The ‘R’ word and the ‘E’ word

As I reported in my preview post, there is some concern about what we were being asked to do. Aidan defended the group’s use of the E-word (‘endorse’) – the motion asked us to ‘endorse’ the report – saying their advice was that it only meant a general endorsement. Nonetheless, he then said they welcome Jamie Harrison’s ‘clarification’ by using the R-word (receive) instead.

He also used his time to remind members that accepting the report today did not commit Synod to any particular recommendation: everything would have to come back to Synod for detailed debate and acceptance.

  • Fr Thomas Seville CR suggested that much of the problem of entrenched attitudes encountered (or sometimes hidden) within CNC deliberations was toi do with fear: hence the need for a culture change
  • Abigail Ogier stressed the need for greater diversity in election candidates, so that the CNC (or any body) truly represented the real life church

Bishop Pete Broadbent made a brief heavyweight contribution. He explained that he had been a diocesan representative on CNC for three successive Bishop of London, and he asked 5 questions:

  1. Politics cannot be wished away: politics and power are given by God for the benefit of all. So does the ‘consensus’ approach try to remove politics?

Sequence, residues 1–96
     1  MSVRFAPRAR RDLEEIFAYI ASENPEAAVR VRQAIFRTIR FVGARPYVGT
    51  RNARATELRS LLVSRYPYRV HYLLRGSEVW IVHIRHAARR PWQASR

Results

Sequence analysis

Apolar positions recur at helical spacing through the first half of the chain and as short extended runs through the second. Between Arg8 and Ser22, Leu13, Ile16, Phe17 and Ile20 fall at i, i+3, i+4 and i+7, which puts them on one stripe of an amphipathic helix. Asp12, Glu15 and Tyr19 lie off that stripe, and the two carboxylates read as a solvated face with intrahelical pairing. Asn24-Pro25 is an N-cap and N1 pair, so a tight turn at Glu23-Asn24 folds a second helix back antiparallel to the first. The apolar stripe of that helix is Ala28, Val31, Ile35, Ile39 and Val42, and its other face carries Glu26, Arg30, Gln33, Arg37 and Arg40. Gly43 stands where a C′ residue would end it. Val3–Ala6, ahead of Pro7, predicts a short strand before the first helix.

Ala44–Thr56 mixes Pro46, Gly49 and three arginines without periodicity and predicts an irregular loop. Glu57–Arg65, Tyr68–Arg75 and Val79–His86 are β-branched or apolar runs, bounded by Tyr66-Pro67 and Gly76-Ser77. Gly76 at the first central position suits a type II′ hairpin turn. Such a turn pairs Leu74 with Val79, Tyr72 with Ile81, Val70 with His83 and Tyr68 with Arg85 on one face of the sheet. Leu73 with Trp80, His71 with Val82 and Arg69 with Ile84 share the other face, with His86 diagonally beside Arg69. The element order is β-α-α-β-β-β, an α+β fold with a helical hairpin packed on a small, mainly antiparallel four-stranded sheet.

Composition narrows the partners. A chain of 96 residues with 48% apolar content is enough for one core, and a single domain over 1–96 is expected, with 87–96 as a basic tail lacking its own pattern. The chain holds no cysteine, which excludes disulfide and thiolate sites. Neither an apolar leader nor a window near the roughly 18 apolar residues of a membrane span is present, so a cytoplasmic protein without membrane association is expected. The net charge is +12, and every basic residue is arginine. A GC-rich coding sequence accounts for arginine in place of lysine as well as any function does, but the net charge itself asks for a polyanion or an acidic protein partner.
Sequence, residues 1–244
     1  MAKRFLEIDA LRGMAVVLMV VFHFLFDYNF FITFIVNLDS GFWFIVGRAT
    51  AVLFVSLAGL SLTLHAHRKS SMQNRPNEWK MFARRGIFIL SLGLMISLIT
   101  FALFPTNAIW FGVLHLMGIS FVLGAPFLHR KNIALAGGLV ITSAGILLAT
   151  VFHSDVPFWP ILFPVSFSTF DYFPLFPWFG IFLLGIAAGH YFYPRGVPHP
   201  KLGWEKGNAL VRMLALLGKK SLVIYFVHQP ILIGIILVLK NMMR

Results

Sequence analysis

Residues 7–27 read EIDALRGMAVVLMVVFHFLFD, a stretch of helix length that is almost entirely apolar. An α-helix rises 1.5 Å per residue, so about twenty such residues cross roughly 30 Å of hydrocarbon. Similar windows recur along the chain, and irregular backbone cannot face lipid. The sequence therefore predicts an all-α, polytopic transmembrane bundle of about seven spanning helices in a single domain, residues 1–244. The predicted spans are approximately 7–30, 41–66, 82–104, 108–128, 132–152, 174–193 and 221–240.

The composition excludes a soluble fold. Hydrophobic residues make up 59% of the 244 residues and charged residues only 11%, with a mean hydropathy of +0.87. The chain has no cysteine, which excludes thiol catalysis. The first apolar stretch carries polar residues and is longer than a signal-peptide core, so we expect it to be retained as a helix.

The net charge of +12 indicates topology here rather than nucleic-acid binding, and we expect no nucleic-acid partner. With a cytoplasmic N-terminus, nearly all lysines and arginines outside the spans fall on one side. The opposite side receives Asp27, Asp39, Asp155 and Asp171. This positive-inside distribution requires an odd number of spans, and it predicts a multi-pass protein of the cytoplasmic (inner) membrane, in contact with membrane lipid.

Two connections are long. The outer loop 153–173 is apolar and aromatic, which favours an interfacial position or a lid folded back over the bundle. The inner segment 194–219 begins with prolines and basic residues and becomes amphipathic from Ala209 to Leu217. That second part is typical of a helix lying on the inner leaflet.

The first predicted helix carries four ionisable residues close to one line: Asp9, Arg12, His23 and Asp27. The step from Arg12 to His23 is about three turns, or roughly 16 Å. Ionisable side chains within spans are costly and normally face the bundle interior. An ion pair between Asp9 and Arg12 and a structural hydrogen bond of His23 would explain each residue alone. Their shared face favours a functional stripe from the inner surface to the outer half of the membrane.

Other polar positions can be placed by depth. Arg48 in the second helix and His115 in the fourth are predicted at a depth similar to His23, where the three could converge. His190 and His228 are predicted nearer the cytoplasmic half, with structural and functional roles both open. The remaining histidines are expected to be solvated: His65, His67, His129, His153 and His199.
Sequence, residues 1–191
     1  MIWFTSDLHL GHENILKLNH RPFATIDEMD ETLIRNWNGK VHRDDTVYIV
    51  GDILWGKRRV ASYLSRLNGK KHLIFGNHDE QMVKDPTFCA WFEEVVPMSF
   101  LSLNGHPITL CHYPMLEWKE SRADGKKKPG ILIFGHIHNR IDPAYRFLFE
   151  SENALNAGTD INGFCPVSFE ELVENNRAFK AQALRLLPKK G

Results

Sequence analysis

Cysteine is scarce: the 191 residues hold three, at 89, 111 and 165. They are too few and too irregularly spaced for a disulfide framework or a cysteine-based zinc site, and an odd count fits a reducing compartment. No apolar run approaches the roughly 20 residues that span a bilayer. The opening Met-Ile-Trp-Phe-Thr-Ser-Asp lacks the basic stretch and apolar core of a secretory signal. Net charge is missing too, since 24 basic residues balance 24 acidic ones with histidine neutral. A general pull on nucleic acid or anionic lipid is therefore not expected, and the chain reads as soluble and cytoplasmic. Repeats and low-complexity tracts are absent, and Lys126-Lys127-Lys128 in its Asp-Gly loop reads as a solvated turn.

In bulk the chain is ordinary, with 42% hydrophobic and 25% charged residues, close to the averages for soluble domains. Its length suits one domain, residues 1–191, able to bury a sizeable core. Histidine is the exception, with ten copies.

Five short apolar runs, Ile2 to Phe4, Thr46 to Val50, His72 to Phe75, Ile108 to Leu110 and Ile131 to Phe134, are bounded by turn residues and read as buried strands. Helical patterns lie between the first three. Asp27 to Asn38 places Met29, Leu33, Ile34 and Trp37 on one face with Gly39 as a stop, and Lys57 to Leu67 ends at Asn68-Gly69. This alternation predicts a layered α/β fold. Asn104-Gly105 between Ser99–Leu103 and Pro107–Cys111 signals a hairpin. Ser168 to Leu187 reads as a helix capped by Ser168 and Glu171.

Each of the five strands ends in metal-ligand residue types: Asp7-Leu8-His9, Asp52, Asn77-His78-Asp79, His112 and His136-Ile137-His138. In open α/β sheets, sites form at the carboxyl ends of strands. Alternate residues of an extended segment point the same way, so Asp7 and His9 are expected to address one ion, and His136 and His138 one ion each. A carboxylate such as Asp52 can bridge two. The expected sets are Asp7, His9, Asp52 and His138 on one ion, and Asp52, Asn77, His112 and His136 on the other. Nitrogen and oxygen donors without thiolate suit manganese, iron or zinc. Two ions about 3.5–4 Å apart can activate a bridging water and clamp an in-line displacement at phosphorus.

2. Will the ‘pairs’ concept weaken the experience and influence of elected representatives (who would, mathematically, only be involved for 50% of CNCs). This would give more influence and power to the Archbishops and Appointments Secretary
  3. What kind of Bishops are we looking for? Could a maverick Bishop be elected under this system?
  4. Does the desire to ‘improve’ the diocesan level work actually weaken the diocese’s voice into the system?
  5. Will the proposals reinforce the ‘mono-episcopacy’ model of a single character being appointed who is then expected to ride to the rescue of a weak diocese?
Chosen, consecrated: Photo: Graham Lacdao, St Paul’s Cathedral.

Dr Jamie Harrison then moved his ‘receive’ amendment.

  • The Revd Simon Cawdell welcomed it as he welcomed the direction of travel, but was not persuaded about some of the recommendations. He saw problems with the pairs.
  • Jane Patterson has been a lay central CNC member for some years, but got caught up in a very uncomfortable row about her role in a specific appointment. She said there are concerns about ‘mutual flourishing’ and the Five Guiding Principles, and she was also concerned about the scope of proposed declarations of interest.
  • The Revd Stewart Fyfe said “something must be done”, and so supported the general approach, but wanted proper scrutiny of the 38 recommendations.
  • Archdeacon Paul Ayers was less supportive: if we endorse or receive, we’ll be told later on that ‘you voted in favour’ so it will be very hard to amend the recommendations.

We then moved on to Professor Joyce Hill’s amendment about declaring a view on women diocesan Bishops. She explained that her aim was to ensure that candidates for the CNC stated their theological understanding about women bishops when soliciting votes from General Synod members. Without a record of their view, we would continue with ‘wriggle and fudge’. Transparency and trust are essential to the CNCs work, and it must start back at the election of the central 6 by General Synod. Aidan stated that the report Group were unanimously against her amendment.